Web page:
Black Lightning recap: 'Lawanda: The Book of Hope'
Jefferson Pierce struggles to decide whether to bring back Black Lightning full time
Black Lightning is back! Or is he? Despite triumphantly returning to his superhero costume to rescue his kidnapped daughters in last week’s season premiere, Jefferson Pierce is still hesitant about returning to the crimefighting life full time. After all, a kiss with his ex-wife Lynn after the successful rescue seems to indicate that they are coming close to a reconciliation — and Jefferson knows that Black Lightning is the one thing she won’t accept.
Lynn has long favored the idea that Jefferson does more good as Garfield High’s principal than he ever did as Black Lightning, but that argument is starting to fall on deaf ears. After Black Lightning’s big show, parents are wondering why no one has intervened to save their kids from the claws of the One Hundred. Jefferson trots out the tried-and-true MLK quote (“the arc of the moral universe is long, but it bends toward justice”), but as one parent points out, MLK got shot in the head (coming little more than a week after this year’s MLK Day, I love how this show uses his quotes and offers different interpretations of his legacy). These people need someone to fight for them, not just educate them. Since Jefferson is still reluctant, one mother, LaWanda White, decides to make her own attempt at rescuing her captive daughter from the gang’s Seahorse Motel.
On top of that, the police aren’t having much luck solving these problems the legal way. Will apparently jumped out of his ambulance mid-ride, and they haven’t found him. LaLa has been able to keep witnesses silent about his presence at the Seahorse, so with only the Pierce girls’ word to go on, the police can’t make a move against him. That has the added effect of putting the Pierce girls in a very dangerous situation, as LaLa makes clear when he sends a young boy to prank Jennifer with a red water gun. Riled that LaLa is breaking their agreement not to come near his family, Jefferson confronts him in public. But LaLa is getting pressure from Tobias to maintain the One Hundred’s control over Freeland and refuses to back down. He even knocks Jefferson to the ground. But though his electric powers crackle in anger, Jefferson holds them in for now. He leaves LaLa with a warning: “Don’t mistake my patience for weakness, boy.” To his detriment, LaLa doesn’t take the message.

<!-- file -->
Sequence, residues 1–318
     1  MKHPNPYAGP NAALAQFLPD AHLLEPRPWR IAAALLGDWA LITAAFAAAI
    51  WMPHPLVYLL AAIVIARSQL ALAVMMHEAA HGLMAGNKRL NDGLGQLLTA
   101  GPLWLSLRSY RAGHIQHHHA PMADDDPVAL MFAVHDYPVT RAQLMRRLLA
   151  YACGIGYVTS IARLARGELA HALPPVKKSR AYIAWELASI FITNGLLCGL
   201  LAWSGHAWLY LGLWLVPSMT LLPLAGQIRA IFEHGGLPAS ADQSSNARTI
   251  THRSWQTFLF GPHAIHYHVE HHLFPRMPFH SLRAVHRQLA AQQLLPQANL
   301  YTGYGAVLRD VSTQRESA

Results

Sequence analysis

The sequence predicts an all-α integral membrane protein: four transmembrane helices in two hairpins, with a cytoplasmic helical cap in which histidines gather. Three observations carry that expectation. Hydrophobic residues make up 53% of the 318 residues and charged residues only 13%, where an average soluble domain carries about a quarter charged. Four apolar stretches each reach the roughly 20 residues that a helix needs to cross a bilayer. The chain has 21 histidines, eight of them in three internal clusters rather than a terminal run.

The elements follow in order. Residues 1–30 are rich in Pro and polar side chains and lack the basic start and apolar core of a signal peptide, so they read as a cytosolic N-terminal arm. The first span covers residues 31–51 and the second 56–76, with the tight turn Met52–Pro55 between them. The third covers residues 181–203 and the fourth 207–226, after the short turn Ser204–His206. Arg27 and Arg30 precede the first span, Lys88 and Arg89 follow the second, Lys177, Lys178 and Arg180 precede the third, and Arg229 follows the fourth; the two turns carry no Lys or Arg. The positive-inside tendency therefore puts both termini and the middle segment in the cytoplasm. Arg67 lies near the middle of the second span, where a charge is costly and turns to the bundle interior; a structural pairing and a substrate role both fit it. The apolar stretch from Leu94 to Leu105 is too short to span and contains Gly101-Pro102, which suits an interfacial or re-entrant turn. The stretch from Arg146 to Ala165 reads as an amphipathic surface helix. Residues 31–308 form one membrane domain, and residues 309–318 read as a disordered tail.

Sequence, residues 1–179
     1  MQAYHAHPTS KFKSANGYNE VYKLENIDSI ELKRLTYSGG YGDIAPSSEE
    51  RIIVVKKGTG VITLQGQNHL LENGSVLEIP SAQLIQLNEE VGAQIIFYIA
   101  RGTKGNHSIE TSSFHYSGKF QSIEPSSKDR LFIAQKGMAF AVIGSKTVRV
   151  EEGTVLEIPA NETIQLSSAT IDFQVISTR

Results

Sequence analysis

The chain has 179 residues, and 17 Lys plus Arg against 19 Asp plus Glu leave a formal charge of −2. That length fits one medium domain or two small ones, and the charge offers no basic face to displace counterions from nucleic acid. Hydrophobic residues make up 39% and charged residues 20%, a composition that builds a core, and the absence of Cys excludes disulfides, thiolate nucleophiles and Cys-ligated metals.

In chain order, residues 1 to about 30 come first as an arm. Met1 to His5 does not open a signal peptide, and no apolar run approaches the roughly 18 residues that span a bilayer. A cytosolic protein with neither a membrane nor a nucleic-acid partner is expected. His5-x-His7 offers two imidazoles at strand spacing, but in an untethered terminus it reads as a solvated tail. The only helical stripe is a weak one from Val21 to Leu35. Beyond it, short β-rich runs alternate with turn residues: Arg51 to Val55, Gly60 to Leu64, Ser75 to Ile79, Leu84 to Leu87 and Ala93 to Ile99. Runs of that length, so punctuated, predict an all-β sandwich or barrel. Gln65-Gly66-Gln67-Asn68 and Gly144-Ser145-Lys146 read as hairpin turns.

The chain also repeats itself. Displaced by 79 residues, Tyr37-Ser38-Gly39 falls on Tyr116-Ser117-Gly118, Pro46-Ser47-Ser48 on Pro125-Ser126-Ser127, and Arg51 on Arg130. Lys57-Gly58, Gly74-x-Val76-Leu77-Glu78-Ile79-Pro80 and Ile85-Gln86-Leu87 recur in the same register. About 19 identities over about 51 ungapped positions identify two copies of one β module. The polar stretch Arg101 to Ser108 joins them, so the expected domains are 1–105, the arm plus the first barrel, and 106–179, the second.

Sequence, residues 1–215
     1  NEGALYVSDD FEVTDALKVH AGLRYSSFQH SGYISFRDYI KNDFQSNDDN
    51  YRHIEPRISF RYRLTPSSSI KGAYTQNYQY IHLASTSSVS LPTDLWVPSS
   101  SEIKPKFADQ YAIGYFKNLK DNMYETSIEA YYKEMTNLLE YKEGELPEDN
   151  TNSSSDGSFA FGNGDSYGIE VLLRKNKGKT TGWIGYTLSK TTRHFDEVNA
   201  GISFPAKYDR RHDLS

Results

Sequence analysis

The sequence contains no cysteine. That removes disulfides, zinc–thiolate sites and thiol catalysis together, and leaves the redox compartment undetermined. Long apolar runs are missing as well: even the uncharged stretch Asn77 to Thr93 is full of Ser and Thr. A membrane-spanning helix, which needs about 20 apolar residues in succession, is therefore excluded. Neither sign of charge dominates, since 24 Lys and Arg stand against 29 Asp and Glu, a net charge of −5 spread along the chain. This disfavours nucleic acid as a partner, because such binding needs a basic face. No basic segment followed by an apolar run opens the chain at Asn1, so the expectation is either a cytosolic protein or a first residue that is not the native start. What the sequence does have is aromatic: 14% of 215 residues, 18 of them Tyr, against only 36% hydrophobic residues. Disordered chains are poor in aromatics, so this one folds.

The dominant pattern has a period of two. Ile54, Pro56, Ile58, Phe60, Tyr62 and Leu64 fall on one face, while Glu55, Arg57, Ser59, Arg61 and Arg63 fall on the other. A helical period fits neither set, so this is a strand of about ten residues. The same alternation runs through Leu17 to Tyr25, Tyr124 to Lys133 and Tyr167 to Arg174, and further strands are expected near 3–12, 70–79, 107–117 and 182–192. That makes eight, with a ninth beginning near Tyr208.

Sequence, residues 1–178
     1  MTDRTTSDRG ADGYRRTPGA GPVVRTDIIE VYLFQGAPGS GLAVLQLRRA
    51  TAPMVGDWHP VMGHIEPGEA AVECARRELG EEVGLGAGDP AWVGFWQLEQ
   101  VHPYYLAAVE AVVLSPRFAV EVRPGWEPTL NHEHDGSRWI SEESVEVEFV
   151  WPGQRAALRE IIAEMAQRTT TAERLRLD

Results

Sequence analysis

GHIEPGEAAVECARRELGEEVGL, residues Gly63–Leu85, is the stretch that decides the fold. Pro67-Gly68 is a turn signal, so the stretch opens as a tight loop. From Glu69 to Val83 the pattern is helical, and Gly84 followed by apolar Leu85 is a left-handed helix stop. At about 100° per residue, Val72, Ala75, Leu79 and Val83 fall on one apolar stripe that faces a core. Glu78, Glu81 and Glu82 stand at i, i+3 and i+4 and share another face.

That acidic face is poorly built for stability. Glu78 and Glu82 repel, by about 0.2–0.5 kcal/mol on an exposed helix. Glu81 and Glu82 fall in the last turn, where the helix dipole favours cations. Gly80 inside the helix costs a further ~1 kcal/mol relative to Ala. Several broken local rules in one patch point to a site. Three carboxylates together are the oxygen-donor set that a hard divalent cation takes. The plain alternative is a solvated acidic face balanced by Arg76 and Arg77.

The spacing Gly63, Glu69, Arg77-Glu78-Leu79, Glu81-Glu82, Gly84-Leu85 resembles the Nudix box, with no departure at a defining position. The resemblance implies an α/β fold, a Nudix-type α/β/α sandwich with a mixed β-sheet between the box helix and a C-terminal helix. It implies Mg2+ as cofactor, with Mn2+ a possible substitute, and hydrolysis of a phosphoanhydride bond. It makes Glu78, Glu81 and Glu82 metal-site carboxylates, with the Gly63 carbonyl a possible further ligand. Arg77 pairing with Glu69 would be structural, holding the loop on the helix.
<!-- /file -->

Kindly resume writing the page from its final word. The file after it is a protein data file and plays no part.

Tobias does a great job of instilling fear in his subordinates, because LaLa is showing no mercy to people who might lead the authorities back to him. Even Will, his own family, gets a bullet in the head, execution-style.
Then comes LaWanda. Despite Jefferson’s warnings, she sets up a stakeout outside the Seahorse, where she believes the One Hundred is keeping her daughter in sexual slavery. Jefferson asks her to give him two days to fix this somehow, but unfortunately she can’t keep that promise. When she sees LaLa pull up ostentatiously to the motel, she goes out to confront him. He shoots her but seems unaware that she had set up her cell phone in the windshield of her car, capturing the whole exchange on video. (Recap continues on page 2)
News of LaWanda’s death is the last straw for Jefferson. Lynn or no Lynn, he decides that it’s time to show the city of Freeland that Black Lightning really is back, for good. After all, LaWanda is a former student of his; he thought he was protecting his students as their principal, but she died and it was Black Lightning, not Principal Pierce, who could’ve saved her. He refuses to let it happen again.
Back in the suit, Black Lightning proceeds to storm LaLa’s building in an amazing action sequence. I especially love the way it kicks off (with the doorman going, “Black Lightning, my man” and directing him to the gangster’s penthouse) because it illustrates the unique flavor of Freeland, much like the video testimony of the convenience store owner did last week. This show also has a knack for music cues; Billy Paul’s “Am I Black Enough For You?” provides an epic soundtrack to this battle sequence. I love how versatile his powers are, ranging from lightning-powered punches to electric blasts that can move people around. It’s a shame that this show debuted after the release of Injustice 2, because now I want nothing more than to play Black Lightning in a fighting game.
Anyway, after beating the daylights out of LaLa, Black Lightning absconds as the police arrive. Luckily, thanks to LaWanda’s phone, the police have everything they need to put LaLa away. But as they say: Live by the sword, die by the sword. That night, Tobias arrives at LaLa’s cell, thanks to some friendly cops (who helpfully open the station doors for the One Hundred boss and lead him to LaLa). Black Lightning’s oldest enemy then strangles his erstwhile subordinate to death. This episode alone racked up quite a body count, but I’m most interested to see how Jefferson’s dynamic with the police evolves now that he’s fully back as Black Lightning and we the audience know people in the department are on Tobias’ side.
I also want to see more of Anissa; this episode showed her with her girlfriend, and using her powers once more at episode’s end to thwart a convenience store robbery, but so far she’s mostly been the passive subject of events unfolding around her. I can’t wait to see what this show becomes once she comes into her own as Thunder.